Editore"s Note
Tilting at Windmills

Email Newsletter icon, E-mail Newsletter icon, Email List icon, E-mail List icon Sign up for Free News & Updates

May 19, 2010

'WHERE IS THE WAVE?'.... Arguably the most important election yesterday wasn't a primary race, but rather, the congressional special election in Pennsylvania's 12th -- a contest to fill the vacancy left by the late Rep. Jack Murtha (D).

Observers in both parties considered the race something of a bellwether. Democrats ran Mark Critz, a former Murtha staffer, against businessman Tim Burns, who touted his "outsider" status and association with the right-wing Tea Party "movement."

It was the race Republicans felt like they had to win, and the RNC boasted repeatedly that a victory in Pennsylvania's 12th would foretell significant gains in the midterms. It didn't work out the way they'd hoped.

[T]he special election in Southwestern Pennsylvania suggested that Democrats were able to score victories in this challenging political environment. Mark Critz, a former aide to Mr. Murtha, defeated Tim Burns, a Republican businessman. With 95 percent of precincts reporting, Mr. Critz had 53 percent, compared with 45 percent for Mr. Burns.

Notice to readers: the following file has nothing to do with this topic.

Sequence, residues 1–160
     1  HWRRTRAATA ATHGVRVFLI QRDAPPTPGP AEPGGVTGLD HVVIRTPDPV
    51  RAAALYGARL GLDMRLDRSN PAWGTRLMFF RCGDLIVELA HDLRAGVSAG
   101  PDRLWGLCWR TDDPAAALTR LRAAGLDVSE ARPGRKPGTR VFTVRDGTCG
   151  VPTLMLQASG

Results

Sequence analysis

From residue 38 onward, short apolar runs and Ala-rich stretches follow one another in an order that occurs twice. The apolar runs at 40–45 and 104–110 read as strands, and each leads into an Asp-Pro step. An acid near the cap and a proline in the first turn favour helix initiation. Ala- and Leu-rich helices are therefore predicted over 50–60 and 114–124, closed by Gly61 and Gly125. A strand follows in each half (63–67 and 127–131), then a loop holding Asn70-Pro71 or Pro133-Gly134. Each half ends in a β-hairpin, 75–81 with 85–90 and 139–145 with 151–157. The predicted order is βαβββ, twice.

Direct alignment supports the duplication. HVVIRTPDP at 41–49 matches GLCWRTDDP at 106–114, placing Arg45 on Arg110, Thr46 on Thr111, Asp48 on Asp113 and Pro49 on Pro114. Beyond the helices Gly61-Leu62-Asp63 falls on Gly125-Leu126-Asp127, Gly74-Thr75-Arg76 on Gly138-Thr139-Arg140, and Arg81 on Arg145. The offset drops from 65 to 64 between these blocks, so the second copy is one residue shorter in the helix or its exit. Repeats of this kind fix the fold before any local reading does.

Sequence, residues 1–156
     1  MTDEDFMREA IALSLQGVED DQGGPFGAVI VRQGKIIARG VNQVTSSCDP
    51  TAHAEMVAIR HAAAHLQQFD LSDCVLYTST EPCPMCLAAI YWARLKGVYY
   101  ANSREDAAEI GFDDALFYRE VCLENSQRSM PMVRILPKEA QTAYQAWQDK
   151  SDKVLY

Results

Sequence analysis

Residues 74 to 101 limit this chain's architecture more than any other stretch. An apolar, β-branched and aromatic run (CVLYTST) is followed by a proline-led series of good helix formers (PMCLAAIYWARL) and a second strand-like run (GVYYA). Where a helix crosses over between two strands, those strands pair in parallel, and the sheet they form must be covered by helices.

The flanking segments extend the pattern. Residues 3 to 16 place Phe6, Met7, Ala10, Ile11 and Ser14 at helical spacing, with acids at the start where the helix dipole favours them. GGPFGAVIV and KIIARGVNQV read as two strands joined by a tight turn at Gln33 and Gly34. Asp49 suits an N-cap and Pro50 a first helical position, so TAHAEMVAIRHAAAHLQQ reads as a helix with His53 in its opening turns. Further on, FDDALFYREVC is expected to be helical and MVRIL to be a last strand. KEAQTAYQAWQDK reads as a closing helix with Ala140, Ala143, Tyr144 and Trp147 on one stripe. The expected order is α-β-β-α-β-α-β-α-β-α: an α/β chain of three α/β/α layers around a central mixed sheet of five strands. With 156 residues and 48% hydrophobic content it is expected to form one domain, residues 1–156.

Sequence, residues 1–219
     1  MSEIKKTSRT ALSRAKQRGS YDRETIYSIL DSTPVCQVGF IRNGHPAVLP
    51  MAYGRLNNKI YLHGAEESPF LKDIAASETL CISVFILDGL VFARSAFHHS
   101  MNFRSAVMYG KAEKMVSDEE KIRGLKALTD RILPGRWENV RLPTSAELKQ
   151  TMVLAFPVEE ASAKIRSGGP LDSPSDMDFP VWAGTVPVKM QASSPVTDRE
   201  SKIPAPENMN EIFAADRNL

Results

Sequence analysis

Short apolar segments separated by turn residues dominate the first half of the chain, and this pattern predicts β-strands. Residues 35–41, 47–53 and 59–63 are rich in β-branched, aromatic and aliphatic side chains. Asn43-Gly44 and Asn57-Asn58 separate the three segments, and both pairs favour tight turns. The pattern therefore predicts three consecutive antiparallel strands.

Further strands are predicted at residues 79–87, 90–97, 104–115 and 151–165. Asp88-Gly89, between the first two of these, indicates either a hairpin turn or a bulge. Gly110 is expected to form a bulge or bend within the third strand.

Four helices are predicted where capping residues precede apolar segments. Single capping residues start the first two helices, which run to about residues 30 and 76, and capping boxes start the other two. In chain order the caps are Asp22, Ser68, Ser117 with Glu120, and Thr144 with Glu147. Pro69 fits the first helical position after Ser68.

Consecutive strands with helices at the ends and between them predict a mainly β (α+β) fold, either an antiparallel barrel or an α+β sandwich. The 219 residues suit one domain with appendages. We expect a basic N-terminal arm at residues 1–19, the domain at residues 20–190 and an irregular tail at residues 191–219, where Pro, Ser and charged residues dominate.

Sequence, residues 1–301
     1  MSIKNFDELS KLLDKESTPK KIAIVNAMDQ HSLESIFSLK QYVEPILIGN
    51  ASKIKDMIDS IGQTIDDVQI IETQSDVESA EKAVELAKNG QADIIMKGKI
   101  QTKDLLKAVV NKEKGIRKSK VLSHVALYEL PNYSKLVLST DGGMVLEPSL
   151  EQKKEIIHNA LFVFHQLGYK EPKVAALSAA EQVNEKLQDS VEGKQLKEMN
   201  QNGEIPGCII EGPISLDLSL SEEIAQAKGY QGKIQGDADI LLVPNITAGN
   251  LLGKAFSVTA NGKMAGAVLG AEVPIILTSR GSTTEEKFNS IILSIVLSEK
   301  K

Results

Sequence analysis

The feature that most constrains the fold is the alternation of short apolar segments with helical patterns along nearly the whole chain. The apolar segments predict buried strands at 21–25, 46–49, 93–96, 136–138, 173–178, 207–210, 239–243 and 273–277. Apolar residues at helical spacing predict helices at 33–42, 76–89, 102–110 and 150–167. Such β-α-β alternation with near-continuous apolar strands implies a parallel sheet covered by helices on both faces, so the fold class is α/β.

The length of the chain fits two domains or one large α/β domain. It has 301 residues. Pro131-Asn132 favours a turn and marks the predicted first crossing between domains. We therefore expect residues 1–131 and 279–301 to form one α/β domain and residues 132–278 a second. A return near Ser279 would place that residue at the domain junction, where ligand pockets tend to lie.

Though Democrats dominate in the district, its voters are blue-collar conservatives and it is exactly the type of swing district carried by Senator John McCain in the 2008 presidential race that Republicans must win if they are to reach their goal of taking control of the House in November. The loss dealt a blow to Republicans, who have been raising expectations for the fall.

"If you can't win a seat that is trending Republican in a year like this, then where is the wave?" asked Tom Davis, a former Republican congressman from Virginia, who said Republicans will need to examine what went wrong.

That's hardly an unreasonable question.

This is the only district in the country that backed Kerry in 2004, but McCain in 2008, suggesting it was trending heavily in the GOP's direction. If there's going to be a backlash against Dems right now, this should be the place to find it. Indeed, it was the bulk of Burns' platform -- he specifically ran against Washington, Speaker Pelosi, and the Obama presidency, a pitch Republicans intend to duplicate in other competitive districts through the fall.